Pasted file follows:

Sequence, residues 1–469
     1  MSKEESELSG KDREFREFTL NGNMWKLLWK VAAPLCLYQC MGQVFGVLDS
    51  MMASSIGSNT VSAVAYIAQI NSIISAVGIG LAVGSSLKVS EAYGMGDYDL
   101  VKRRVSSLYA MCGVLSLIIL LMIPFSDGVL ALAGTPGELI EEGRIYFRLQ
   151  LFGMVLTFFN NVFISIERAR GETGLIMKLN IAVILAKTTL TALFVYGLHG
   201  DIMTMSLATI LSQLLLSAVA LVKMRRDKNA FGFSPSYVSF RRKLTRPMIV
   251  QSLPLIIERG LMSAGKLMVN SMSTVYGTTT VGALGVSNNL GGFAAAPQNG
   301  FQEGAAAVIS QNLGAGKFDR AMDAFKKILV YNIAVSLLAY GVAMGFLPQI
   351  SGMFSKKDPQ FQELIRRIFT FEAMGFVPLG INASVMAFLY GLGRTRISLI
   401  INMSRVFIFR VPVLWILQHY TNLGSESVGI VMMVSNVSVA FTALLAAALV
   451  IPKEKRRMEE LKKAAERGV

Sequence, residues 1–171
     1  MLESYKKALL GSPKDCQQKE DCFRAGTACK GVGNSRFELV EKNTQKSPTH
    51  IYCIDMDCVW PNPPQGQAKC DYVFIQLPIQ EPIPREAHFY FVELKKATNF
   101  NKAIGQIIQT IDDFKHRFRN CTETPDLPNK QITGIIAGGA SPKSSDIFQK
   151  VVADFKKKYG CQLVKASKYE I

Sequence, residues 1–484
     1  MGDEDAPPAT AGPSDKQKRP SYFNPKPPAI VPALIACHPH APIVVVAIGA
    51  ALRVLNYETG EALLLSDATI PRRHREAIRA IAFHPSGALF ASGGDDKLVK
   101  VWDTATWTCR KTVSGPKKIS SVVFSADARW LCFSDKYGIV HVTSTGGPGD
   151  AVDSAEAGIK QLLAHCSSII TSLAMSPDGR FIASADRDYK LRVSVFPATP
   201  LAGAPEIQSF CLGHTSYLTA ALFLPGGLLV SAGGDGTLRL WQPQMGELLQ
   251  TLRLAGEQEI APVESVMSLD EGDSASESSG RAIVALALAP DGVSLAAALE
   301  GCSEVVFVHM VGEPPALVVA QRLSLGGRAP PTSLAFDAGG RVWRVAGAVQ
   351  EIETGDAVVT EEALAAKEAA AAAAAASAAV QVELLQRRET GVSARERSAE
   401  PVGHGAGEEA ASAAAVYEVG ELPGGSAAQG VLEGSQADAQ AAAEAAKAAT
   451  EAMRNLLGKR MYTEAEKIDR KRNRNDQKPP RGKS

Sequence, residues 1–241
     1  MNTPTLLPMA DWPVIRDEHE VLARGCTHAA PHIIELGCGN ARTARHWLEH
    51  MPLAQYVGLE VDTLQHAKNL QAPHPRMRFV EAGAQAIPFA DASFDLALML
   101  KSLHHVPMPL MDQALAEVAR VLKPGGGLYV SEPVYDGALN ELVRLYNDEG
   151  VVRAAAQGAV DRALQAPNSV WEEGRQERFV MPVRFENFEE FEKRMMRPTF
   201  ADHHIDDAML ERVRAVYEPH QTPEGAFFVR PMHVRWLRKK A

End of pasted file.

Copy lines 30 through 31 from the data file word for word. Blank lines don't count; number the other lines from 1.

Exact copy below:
    51  MPLAQYVGLE VDTLQHAKNL QAPHPRMRFV EAGAQAIPFA DASFDLALML
   101  KSLHHVPMPL MDQALAEVAR VLKPGGGLYV SEPVYDGALN ELVRLYNDEG